This is a cruel, violent sport. You're out there to hurt the opposition. You are sent out on the field to inflict pain on the other team. Legally of course. Latrell did it illegally, and he'll pay the price.

But there's no friends on the field, and Latrell showed that by the way he played when he came back on the field.

Joey Manu is pulled away by teammates after suffering a cheek injury after being hit by Latrell Mitchell. (Getty)

Fans talk about the brutality of the game, they love it, and of course it has to be legal, but as soon as something goes slightly wrong they want to tear a bloke down. It just doesn't make sense.

We saw on the news last night that Latrell tried to go up to the Roosters change rooms to see how Joey was, and he wasn't allowed in. I don't blame the Roosters for that. They didn't want a bar of it. That's fine, it's such a tribal sport, these two clubs hate each other.

The Roosters attitude was, "you've just hurt one of our players, we're going to get you next time," and that's fine.

I don't think they needed to let him in to apologise at all.

Time to change the role of the Bunker

Trent Robinson said after the match that it showed the Bunker can't do the job, and I'm starting to agree with him there.

I think it's time we put more onus back on the touch judges and the referees. The Bunker is doing everything, it's becoming ridiculous.

I've always believed that if the referee or the touch judges can't see anything wrong, then play on, and let the match review committee sort it out afterwards. I thought the touch judge should have been able to see what happened with Latrell. I don't know if he said anything, but it seemed like nothing was done until the bunker reviewed it.

The Bunker is getting involved way too much. I've always thought that with all the technology around, you need the Bunker, because if something gets missed and it costs a team a game, everyone will be discussing it within minutes and the NRL will cop a hiding.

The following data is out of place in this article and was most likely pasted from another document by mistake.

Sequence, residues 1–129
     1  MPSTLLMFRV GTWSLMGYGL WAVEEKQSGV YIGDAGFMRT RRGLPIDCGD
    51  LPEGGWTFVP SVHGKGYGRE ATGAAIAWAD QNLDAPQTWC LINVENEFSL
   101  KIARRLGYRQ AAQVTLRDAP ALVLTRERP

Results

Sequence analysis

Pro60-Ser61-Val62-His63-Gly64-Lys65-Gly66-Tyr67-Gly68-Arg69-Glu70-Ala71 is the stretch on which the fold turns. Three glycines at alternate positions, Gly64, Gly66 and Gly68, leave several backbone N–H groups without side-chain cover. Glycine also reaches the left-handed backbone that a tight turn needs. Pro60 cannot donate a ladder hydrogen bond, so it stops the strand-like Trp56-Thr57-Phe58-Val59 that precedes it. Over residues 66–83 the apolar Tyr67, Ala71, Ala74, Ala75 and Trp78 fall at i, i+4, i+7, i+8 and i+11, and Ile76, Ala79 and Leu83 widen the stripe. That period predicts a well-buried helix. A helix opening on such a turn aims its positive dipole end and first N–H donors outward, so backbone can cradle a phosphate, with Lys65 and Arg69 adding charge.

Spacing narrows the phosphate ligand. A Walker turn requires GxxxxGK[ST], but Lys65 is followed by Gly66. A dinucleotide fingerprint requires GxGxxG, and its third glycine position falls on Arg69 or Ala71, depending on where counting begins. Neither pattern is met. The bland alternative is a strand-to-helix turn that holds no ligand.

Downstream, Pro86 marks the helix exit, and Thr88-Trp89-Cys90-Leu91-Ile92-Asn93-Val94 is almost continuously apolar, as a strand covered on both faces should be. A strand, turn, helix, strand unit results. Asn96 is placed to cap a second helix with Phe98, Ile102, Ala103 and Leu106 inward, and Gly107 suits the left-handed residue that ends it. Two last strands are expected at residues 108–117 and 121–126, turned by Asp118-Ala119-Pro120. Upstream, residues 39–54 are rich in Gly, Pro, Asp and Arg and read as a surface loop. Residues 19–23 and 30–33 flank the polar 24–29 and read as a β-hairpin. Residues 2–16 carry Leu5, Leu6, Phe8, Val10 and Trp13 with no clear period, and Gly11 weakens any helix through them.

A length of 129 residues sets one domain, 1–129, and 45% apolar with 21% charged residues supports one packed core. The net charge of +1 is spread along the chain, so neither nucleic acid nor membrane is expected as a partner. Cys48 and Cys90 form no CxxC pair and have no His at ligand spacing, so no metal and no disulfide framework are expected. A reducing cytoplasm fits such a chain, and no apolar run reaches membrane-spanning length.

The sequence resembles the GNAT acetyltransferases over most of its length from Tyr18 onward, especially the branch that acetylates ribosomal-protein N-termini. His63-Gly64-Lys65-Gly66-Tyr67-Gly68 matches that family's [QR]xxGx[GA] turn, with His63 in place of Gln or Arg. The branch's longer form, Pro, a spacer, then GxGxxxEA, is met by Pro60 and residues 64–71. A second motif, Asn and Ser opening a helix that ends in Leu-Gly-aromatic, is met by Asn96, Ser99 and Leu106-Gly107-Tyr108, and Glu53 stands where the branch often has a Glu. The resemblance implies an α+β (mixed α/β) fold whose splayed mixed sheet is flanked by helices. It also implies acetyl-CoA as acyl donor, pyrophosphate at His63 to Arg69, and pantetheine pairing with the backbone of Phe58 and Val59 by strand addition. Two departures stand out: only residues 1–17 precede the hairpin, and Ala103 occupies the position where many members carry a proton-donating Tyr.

Roosters coach Trent Robinson wants the role of the bunker changed. (Getty)

But now it's involved way too much and it slows the game down. We bring in all these new rules to re-introduce fatigue, and then we stop the game all the time for the Bunker to check things. It's just not making sense.

Strip it back so the Bunker only gets involved for rulings on possible tries, and put the onus back on the referees and touch judges to make a call on foul play. Let the game flow.

Back in the day the touchie used to come running on the field with his flag up. When was the last time you saw that? What do they do these days? Everyone can see if a conversion is successful or a ball has gone into touch. Sometimes you think they're just there for show.

The referee should be the boss on the field, and I imagine it must frustrate them to constantly have someone in their ear.

Referee Ashley Klein sends Latrell Mitchell of the Rabbitohs to the sin-bin for a high tackle on Joseph Manu of the Roosters. (Getty)

Referees are human, so of course they'll make mistakes, but let's accept that and stop the Bunker analysing every single play.

Look at the fact hardly anybody whinges about the six-again rule. For me, I've never been a fan of it, but it's working OK. There might be a dozen six-again calls a game, as well as five or six penalties. That's nearly 20 infringements, if the refs were blowing 20 penalties a match the whole world would be up in arms. Gus would be having a meltdown on 100% Footy.

They're not getting all those six-again calls correct, but because the game still flows people accept it. That's the attitude we have to have. Let the game flow, keep the Bunker out of it and trust the referees and the touch judges to do their jobs.